Amend law to make CBI autonomous, SC tells government

The Supreme Court today pulled up the government for failure to cooperate with the Central Bureau of Investigation (CBI) in its probe into the coal block allocation scam and said the law will have to be amended to make CBI free from political interference.

Hearing a petition on the coalmine allocation scam, the apex court lashed out at the central government saying the manner in which the investigating agency is struggling with the probe showed that the government has not been very forthcoming and helpful.

The Supreme Court, which had earlier described the CBI as a "caged parrot" speaking its master's (central government's) voice, said, "The law will have to be amended for CBI autonomy. Let the amendments come in Parliament, since the law has to be enacted by the legislature."

If Parliament is unable to make law on the autonomy for CBI, it may make ad hoc arrangements to ensure it, the court observed.

The Supreme Court also asked the CBI to come with their views on the affidavit filed by central government "on the steps taken by them (government) on CBI autonomy".

The apex court, however, expressed satisfaction with the government's proposal for setting up a panel comprising the prime minister, leader of opposition in the Lok Sabha, and the Chief Justice of India to appoint the CBI director.

The government had earlier filed an affidavit in the Supreme Court listing measures to make CBI autonomous.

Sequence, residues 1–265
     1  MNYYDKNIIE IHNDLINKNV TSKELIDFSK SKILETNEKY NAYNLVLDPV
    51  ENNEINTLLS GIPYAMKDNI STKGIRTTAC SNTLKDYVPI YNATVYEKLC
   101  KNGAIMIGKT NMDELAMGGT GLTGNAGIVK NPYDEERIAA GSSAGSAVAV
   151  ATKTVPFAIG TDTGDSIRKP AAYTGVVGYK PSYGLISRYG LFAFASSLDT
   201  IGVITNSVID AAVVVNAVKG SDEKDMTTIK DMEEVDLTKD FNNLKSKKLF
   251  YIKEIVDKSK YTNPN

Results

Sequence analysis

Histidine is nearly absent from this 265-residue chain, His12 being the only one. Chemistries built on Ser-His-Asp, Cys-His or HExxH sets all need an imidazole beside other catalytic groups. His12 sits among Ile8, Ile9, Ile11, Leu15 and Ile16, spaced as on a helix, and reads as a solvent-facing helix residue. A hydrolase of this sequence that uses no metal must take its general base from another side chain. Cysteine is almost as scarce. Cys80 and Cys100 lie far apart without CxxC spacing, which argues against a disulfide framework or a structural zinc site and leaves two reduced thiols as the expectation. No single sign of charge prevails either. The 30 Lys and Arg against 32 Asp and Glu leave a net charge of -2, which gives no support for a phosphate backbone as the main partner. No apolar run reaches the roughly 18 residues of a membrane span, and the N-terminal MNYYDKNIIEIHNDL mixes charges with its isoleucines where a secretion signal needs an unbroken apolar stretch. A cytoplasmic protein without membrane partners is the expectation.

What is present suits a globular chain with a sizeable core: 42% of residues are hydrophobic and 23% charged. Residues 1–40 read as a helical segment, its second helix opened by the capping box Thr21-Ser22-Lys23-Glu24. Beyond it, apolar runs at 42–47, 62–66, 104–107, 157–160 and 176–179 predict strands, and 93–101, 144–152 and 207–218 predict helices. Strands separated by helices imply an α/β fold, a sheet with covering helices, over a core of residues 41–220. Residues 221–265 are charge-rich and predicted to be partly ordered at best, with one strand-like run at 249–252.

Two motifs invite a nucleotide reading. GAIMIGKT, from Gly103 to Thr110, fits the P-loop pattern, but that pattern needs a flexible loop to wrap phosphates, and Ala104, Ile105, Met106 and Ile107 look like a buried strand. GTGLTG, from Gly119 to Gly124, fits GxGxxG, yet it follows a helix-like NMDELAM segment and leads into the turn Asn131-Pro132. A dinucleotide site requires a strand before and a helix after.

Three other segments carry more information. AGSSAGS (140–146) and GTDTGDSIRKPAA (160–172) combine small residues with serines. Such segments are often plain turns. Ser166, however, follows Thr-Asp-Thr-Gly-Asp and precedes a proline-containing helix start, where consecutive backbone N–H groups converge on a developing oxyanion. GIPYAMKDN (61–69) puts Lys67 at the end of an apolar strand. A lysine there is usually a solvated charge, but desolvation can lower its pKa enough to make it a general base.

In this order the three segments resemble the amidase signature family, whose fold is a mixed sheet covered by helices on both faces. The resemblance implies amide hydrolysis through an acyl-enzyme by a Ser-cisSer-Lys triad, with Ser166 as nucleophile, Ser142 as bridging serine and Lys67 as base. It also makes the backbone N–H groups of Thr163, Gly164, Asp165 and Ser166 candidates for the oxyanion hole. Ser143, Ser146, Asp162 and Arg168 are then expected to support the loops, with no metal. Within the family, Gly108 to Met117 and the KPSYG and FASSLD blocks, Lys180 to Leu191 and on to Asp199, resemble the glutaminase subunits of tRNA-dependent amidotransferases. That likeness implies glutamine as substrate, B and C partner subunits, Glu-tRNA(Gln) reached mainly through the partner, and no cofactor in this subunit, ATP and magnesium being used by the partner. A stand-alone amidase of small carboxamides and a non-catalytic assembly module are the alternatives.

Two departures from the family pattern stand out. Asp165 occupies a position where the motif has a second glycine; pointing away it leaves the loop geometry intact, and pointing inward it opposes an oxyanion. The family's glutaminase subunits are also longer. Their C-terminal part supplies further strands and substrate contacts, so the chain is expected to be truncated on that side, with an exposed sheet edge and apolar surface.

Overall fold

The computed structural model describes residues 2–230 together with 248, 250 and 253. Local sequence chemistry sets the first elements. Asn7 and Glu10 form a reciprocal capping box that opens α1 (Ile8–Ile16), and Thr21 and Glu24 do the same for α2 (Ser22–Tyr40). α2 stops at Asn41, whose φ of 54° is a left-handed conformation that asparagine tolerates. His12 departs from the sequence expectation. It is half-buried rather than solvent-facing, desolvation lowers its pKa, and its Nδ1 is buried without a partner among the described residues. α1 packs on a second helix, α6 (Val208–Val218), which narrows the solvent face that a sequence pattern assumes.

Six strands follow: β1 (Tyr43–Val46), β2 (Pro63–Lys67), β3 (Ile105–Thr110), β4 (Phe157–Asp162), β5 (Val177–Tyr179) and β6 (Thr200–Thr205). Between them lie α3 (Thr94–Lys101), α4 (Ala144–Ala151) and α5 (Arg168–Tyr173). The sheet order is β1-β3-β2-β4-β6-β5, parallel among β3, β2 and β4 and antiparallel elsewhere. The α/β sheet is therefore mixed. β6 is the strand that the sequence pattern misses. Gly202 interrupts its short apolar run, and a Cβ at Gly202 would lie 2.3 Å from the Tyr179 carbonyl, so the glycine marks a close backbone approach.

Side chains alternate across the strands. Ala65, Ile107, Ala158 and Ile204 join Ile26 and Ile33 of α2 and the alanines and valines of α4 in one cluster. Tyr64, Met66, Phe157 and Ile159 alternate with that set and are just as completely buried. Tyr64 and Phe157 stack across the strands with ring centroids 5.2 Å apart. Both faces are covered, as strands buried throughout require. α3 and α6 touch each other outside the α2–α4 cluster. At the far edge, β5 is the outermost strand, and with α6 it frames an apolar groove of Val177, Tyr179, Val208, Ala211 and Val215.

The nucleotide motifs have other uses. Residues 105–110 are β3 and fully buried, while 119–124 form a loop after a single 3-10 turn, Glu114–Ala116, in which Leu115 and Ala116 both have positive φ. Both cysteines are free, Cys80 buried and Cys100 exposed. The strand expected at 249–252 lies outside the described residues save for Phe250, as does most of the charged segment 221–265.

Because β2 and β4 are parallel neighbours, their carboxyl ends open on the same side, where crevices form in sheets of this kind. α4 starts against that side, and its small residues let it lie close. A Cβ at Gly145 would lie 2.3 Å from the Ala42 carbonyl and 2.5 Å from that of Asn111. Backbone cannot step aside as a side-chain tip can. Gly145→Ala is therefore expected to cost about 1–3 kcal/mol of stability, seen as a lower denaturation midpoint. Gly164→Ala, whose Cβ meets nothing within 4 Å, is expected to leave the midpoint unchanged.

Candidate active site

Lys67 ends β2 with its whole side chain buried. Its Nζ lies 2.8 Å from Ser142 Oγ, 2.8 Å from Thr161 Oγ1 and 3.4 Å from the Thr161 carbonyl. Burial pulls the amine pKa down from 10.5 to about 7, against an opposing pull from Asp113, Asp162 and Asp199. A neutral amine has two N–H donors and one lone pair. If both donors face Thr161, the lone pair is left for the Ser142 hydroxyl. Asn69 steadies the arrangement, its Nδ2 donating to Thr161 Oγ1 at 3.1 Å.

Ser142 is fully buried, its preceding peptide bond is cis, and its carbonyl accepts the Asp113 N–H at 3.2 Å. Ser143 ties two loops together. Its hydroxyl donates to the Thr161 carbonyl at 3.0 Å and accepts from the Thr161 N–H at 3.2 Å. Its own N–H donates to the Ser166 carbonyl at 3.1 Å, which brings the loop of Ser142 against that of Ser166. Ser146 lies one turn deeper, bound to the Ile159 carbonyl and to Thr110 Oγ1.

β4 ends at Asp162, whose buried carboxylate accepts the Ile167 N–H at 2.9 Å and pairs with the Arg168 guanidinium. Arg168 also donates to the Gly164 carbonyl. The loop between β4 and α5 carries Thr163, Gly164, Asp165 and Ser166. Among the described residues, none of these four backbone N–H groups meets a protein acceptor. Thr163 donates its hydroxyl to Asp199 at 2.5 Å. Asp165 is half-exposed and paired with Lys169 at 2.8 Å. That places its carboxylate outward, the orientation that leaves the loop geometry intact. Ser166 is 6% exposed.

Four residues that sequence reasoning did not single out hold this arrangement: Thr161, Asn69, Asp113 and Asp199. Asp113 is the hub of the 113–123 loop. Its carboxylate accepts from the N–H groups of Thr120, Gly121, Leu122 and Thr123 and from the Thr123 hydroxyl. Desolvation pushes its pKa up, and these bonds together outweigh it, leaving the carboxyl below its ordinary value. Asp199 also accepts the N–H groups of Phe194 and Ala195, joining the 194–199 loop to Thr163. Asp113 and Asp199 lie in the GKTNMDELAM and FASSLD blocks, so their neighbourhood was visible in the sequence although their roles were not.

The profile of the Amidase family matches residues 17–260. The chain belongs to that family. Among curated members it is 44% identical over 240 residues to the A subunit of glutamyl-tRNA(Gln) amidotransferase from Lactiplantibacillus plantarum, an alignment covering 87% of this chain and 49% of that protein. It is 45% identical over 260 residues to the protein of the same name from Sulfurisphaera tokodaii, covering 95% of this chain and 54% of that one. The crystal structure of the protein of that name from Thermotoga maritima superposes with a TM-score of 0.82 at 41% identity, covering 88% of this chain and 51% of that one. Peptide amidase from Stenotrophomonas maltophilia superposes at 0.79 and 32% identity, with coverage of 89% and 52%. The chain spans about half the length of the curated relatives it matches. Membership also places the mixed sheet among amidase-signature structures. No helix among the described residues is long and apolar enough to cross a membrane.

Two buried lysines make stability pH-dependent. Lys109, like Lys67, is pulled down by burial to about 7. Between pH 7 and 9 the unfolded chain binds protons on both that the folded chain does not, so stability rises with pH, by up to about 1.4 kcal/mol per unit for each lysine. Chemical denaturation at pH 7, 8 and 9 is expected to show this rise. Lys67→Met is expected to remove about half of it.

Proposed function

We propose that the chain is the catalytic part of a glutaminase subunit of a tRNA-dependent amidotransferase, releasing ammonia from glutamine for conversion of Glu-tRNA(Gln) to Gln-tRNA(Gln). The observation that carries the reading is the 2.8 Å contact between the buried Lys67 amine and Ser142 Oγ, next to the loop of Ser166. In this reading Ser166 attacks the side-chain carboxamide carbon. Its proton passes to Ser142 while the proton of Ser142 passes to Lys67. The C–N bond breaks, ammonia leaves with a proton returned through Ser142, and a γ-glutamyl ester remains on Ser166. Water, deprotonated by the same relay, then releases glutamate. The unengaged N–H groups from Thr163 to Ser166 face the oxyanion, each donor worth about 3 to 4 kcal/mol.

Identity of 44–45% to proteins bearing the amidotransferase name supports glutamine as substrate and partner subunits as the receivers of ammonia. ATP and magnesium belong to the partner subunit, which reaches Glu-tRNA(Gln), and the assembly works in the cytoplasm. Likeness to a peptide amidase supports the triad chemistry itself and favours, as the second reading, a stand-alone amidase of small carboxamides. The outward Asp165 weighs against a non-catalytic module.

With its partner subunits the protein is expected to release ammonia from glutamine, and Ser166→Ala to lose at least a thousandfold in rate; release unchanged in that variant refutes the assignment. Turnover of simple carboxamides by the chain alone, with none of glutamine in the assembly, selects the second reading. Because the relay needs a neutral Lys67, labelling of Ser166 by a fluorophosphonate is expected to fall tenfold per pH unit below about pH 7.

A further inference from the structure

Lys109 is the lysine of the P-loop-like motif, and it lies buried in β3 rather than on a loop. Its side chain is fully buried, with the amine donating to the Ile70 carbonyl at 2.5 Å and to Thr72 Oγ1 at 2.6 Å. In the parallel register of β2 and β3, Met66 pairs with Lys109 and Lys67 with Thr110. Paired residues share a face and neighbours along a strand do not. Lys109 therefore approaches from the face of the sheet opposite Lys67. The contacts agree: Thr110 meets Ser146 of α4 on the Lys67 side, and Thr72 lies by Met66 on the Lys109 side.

The court also reprimanded the government for not incorporating recommendations of state governments on coal block allocation and instead going by the subjective opinion of the screening committee alone.

The court also directed the government to file records of all 36 steering committee meetings for coal block allocation.

The CBI had filed an application seeking the apex court's permission to share probe details with the government in the light of the 8 May directive of the court not to share any information with the government.

While the government has outlined some steps to make the CBI autonomous, the affidavit submitted to the Supreme Court is silent on some vital aspects of the CBI's autonomy.

The government still retains its policy on 'single directive', a tool that could be used to protect ''favourite'' civil servants who have acceded to irregular executive demands.

Under the ''single directive'', a government nod is required even to initiate a preliminary enquiry against a civil servant of and above the rank of joint secretary.

Under the Criminal Procedure Code (CrPC), a government nod is required before filing an appeal in courts against an acquittal of a civil servant, which is another drag on CBI's freedom.